Director: Jagdeep Sindhu
Cast: Ammy Virk, Sargun Mehta, Guggu Gill
Let’s get some things out of the way – when involuntary starvation and insomnia (hunger and sleep) come together on the screen, the reason is neither depression nor poverty. It’s love. Let’s extend this generalization to Punjabi movies – when the guy on the screen speaks broken English, feels proud to have failed the same class thrice, and shifts to Chandigarh, he is the hero of the movie. In Qismat, this man is Shivjeet Singh Gill or Shiva played by singer-actor Ammy Virk. Also, whenever the hero is a village boy the heroine has to be a city girl. There are numerous other whenevers that can be listed here, but for the sake of this review let’s just call .
Writer-director Jagdeep Sidhu delivers an ordinary love story, much on the lines of extraordinary love stories like Sohni-Mahiwal, Heer-Ranjha and so on. Sidhu, who wrote hit comedies like Nikka Zaildar and Nikka Zaildar 2, takes a vieux jeu route to jokes and luckily (for the producers) the bursts of laughter in the cinema point to the appetite for such humour. Even blunders like an actor wearing two different costumes in the same scene are forgiven. Actress Sargun Mehta is introduced as Baani, and some scenes later, it suddenly switches to Vaani.
The first half justifies the marketing of the movie as a romantic comedy. The second half, however, is like a buffalo that has settled in the middle of a dirty pond and has refused to jump out. First, given the unshakeable resolve of Sidhu to deliver nothing but a comedy, he seems out of his depth while dealing with grave and terminal illness-y situations. Second, constantly elaborating on the urgency of the situation makes it boring. You soon reach a point where impatience takes over and you beg for the end to come soon. Literally. Third, it is difficult to keep up with the seriousness of the situation when the narrative is inundated with songs to be danced to or cried to only because the actor of the movie is a singer.
Even blunders like an actor wearing two different costumes in the same scene are forgiven. Actress Sargun Mehta is introduced as Baani, and some scenes later, it suddenly switches to Vaani.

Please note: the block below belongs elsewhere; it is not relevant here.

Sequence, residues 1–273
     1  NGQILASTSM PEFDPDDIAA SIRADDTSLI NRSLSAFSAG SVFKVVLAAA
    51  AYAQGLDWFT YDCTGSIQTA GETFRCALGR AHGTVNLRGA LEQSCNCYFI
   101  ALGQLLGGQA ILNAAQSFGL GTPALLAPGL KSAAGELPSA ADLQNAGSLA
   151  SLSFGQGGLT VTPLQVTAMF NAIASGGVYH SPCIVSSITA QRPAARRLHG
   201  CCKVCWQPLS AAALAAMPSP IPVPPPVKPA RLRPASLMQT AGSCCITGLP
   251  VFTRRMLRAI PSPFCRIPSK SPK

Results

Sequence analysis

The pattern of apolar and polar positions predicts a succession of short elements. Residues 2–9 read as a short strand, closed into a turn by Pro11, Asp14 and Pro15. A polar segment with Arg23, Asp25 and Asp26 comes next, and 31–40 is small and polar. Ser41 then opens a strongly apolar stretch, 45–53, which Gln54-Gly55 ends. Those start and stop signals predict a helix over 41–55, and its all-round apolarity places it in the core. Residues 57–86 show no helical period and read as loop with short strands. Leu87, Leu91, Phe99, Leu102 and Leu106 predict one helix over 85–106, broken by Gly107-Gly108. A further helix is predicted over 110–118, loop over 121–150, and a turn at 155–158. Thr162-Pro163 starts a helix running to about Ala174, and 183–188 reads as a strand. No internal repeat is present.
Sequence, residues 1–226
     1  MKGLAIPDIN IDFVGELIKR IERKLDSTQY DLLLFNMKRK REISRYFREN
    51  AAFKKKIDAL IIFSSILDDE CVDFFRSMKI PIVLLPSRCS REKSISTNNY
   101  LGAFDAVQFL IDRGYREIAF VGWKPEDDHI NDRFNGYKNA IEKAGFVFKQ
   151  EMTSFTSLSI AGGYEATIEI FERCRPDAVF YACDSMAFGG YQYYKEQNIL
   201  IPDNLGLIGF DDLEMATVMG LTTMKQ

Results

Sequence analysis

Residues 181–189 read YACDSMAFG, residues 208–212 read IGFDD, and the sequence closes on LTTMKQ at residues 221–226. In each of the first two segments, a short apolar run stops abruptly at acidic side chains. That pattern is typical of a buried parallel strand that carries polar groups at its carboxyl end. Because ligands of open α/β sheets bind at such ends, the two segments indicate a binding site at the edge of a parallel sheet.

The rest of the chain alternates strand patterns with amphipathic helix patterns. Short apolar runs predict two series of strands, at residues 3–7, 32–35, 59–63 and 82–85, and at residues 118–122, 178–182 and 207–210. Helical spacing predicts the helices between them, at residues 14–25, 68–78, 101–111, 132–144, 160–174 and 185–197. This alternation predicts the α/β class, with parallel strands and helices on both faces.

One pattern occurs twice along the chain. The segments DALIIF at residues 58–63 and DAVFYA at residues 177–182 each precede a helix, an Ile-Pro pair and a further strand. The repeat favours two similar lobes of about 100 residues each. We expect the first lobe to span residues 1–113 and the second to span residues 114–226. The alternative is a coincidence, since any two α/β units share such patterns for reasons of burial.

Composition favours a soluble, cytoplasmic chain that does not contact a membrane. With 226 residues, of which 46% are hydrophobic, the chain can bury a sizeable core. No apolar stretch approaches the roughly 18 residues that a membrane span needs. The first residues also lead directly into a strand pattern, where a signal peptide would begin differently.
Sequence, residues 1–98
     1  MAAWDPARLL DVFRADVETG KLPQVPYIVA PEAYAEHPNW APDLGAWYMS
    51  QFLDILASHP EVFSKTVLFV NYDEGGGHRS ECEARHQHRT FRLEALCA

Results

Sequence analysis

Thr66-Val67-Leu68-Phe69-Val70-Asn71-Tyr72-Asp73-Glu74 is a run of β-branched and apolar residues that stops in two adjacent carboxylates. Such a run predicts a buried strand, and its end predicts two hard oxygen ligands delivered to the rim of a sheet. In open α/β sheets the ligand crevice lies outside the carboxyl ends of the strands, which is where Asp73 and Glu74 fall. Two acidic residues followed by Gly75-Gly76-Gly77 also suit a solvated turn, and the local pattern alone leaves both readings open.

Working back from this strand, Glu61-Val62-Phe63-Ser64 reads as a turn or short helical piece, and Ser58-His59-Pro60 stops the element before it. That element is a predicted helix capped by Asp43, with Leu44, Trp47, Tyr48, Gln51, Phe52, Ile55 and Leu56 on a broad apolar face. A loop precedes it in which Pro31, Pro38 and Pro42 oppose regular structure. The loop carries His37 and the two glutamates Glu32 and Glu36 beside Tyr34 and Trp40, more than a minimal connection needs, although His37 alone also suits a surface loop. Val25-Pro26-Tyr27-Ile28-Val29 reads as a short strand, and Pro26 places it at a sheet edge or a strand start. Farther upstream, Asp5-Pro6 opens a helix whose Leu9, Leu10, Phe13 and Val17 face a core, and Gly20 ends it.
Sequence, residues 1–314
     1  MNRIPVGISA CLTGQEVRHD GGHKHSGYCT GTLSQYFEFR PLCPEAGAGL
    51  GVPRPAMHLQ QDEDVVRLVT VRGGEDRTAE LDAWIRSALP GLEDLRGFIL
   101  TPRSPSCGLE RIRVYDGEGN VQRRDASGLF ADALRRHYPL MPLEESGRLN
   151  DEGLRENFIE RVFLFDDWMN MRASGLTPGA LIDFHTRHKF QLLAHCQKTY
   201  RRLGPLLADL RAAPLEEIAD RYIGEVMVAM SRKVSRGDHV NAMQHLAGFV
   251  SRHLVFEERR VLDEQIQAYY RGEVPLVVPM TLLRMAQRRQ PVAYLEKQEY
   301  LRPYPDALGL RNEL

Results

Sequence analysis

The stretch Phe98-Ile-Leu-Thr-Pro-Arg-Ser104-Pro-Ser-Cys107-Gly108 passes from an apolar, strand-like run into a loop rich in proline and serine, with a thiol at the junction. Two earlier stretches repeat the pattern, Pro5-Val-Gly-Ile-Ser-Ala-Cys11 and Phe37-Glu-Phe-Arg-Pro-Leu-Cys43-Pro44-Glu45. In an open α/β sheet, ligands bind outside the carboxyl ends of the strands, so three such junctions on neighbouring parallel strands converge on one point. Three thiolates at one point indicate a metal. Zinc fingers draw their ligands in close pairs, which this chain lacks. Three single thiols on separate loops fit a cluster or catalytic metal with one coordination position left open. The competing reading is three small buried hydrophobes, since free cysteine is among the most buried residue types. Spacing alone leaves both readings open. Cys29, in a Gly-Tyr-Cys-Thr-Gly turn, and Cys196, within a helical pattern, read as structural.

Dialogue wise, the movie takes a leap. But then it unmakes its own making. The writing takes three steps forward and three then steps back. Baani says ‘Mai jatt di zameen wargi, tractor tan zaroori hai’ (I am like a Jatt’s estate and a tractor is necessary) or ‘Mai tan ki meri tan jutti vi ni dardi, jatt karpain warge jado naal turda’ (even my sandal is not scared of anyone when a combine like Jatt is on my side).
Baani is on her deathbed because of kidney failure and she finally tells her father that if her end was not so soon teri dhi ne teri pagg rol deni c Gurnam siyan (your daughter would have spoiled your turban, Gurnam Singh). The dialogue is liberating. But it is undone when Shiva suggests to a dying Baani, ‘tu keeta tan ni hona kisey naal’ (I know you’re still a virgin) or ‘ehde nalo changa tan kisey gareeb de e kamm aa jandi’ (you should have been useful to at least one poor fellow before dying). Such sexual innuendos are disgusting.
If Punjabis have mastered anything through these run-of-the-mill movies, it is creating successful music and lyrics. Without songs from the likes of Gurnam Bhullar, B Praak, Kamal Khan and of course Ammy Virk, sitting through the senseless jokes and the endless suffering of Baani (the writers have clearly lifted the definition of prognosticate kidney failure from Wikipedia) would have been unbearable.